MAGNESIUM (click to learn more)– (320-420 mg)stress


  • Stimulates brain growth
  • Helps with short term memory
  • Helps regulate mood, irritability and stress
  • Promotes relaxation
  • Improves sleep
  • Improves neural plasticity allowing nerves to adapt better
  • Helps convert sugar into energy
  • Affects every chemical reaction in your body
  • Effective in depression and rapid-cycling bipolar
  • Only L-theronate crosses the blood brain barrier
  • Stress depletes magnesium

Low Levels:

  • Deficiency is common
  • Anxiety
  • Insomnia
  • Depression
  • Stress
  • Irritability

Suggested Food Sources

  • pumpkin seeds, spinach, chard, sunflower seeds, quinoa, cashews, black beans, molasses


B-9 (FOLATE) (400 mcg)


  • Makes myelin which insulates your neurons
  • Makes serotonin, dopamine and norepinephrine
  • Makes neurotransmitters and DNA
  • Protects brain from inflammation
  • Protects DNA from damage
  • Improves mood, memory and cognition
  • Keeps homocysteine low (high homocystienes are linked to increased risk of heart attack, stroke, and damaged arteries)
  • Folic acid is the synthetic form of B-9. Folate is the natural form and is what comes from food. Folate is the better choice since some people have trouble converting synthetic folic acid (MTHFR gene). Folic acid can build up and cause central nervous system impairment/ faster cognitive decline in the elderly.
  • Methylfolate (the form found in most plant cells) appears to be the only form of B-9 that crosses the blood brain barrier. This is why the natural form from plants is better than the synthetic folic acid.

Low levels: IMG_3479

  • Deficiency is associated with poor behavior, cognition, mood and other neuromotor development
  • Tend to be unresponsive to anti-depressant therapy

Suggested Food Sources

  • Lentils, asparagus, chickpeas, Brussels sprouts, spinach, black-eyed peas, spinach, beets


PREBIOTICS (click for more) and PROBIOTICS (click for more)


  • The nutrients you absorb affect your mental health, but the health of your gut affects the nutrients you absorb
  • Gut health affects mood, clarity of thought and anxiety
  • Produce GABA and serotonin in your gut
  • Shown to reduce stress and anxiety
  • Supports neurotransmitter activity in brain health. Certain strains increase BDNF
  • Cooking/heat kills the bacteria

Suggested food sources

  • Sauerkraut, pickles (the kind in salt, not vinegar), kefir, yogurt, some cheeses, kimchi, pickled fruits and vegetables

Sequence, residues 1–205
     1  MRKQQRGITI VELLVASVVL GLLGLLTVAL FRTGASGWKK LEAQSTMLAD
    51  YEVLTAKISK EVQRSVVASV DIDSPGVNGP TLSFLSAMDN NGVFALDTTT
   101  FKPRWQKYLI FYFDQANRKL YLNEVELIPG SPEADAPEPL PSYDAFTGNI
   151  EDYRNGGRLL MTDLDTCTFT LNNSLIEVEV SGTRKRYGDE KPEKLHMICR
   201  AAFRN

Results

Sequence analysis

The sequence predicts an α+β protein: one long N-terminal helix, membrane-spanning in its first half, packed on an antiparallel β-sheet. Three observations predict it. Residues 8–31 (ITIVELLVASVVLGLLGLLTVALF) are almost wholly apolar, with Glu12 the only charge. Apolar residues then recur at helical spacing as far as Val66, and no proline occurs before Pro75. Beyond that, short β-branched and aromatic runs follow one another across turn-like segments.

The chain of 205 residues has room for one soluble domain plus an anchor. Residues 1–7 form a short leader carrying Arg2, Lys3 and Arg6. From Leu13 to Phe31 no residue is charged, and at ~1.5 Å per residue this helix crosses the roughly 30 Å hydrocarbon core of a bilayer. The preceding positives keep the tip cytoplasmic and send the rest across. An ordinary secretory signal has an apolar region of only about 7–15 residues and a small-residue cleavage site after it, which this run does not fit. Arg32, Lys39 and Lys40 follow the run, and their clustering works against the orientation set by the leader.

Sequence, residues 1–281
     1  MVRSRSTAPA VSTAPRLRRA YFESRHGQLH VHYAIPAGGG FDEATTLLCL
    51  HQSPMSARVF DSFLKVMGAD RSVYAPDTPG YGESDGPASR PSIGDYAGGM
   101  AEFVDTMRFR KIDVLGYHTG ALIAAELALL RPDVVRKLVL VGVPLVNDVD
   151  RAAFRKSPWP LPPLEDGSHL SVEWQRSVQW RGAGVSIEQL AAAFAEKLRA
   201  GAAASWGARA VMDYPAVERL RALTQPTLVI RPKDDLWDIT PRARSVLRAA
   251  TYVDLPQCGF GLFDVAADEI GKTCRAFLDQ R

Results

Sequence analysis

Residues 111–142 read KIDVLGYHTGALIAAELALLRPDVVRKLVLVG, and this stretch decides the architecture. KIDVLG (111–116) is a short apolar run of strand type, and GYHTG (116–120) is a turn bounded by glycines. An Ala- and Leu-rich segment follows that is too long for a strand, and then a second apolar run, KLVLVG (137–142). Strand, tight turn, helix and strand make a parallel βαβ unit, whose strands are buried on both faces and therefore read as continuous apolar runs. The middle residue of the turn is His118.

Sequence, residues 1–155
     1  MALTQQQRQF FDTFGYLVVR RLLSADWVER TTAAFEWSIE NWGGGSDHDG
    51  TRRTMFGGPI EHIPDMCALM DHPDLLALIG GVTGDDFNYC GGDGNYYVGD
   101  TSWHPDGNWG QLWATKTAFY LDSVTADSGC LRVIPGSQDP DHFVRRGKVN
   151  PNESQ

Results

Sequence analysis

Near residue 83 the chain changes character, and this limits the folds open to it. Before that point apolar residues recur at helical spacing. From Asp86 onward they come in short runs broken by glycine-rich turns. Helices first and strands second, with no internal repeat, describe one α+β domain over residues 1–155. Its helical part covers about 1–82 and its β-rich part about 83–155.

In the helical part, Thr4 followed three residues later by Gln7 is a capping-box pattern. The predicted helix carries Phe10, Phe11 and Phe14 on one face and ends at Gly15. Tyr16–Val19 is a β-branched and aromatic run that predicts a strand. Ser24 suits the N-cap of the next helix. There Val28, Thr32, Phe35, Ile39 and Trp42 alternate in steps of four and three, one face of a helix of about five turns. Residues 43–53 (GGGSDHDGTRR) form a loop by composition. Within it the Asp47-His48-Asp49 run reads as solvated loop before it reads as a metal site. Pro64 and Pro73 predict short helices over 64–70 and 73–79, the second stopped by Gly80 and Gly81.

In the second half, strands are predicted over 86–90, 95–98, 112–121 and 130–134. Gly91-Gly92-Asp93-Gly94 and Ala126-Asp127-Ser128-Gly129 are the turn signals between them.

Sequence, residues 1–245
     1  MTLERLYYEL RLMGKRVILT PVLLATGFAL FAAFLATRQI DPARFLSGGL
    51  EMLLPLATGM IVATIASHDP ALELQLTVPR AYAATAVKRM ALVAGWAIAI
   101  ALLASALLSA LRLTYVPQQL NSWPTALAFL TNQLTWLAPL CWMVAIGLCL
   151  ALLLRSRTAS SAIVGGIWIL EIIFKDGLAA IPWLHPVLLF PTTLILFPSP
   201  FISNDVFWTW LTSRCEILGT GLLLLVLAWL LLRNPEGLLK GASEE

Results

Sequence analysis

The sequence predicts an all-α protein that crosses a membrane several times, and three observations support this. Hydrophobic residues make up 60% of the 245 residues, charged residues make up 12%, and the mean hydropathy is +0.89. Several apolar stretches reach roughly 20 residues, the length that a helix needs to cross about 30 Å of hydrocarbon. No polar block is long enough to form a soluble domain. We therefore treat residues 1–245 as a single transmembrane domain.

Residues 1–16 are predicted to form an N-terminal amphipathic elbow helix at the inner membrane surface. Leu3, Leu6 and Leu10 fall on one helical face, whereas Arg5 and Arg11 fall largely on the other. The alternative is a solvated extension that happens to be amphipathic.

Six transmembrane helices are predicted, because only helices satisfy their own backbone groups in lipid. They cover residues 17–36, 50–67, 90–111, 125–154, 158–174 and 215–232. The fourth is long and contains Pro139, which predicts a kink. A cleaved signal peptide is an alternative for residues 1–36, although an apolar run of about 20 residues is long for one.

PROTEIN– (46-56 gms)


  • Complete protein important to brain health
  • Your body breaks down protein into amino acids and then rebuilds its own protein
  • Tryptophan is used to make serotonin affecting mood
  • Helps stabilize mood and blood sugar

Low Levels:

  • Lack of focus
  • Emotional instability
  • Fatigue

Suggested Food Sources

  • Turkey, chicken, salmon, beef, lentils


VITAMIN E (15 mg)

Why: IMG_3488

Suggested Food Sources

  • Sunflower seeds, almonds, spinach, chard, avocado, greens-turnip, beet, mustard


VITAMIN K– (90-120 mcg)


  • Ensures brain receives oxygen
  • K2 for nerve health of the brain
  • K1 for cognitive function in the elderly

Suggested Food Sources

  • Kale, spinach, collard greens, mustard greens, beets greens, chard, parsley, broccoli, Brussels sprouts, fermented foods, eggs, meats, bok choy, cabbage






VITAMIN A(700-900 mcg)


  • Prevent memory decline

Suggested Food Sources

  • Sweet potato, carrots, pumpkin, mustard greens, egg yolks, spinach, dairy, salmon






POLYPHENOLS (click for more)


  • DSC00375Protect neurons against injury from neurotoxins
  • Suppress neuroinflammation
  • Promote memory and cognitive function

Suggested Food Sources

  • Dark fruits and vegetables




  • Anti-depressant
  • Improves brain and nervous system function

Suggested Food Sources

  • oil- olive, almond, avocado, nut butters, cashews, hemp, flax




VITAMIN D (click for more) – 


  • Catalyst to turn on and off neurotransmitter production and nerve growth

Low Levels:

  • Accelerate brain aging
  • Worsens depression and MS
  • Low D levels in winter result in seasonal depression
  • Low levels linked to dementia and Parkinson’s
  • Increased risk of Schizophrenia

Suggested Food Sources

  • Fish- Salmon, trout, sardines, tuna


SELENIUM– (55 mcg)

  • Elevates mood
  • Reduces inflammation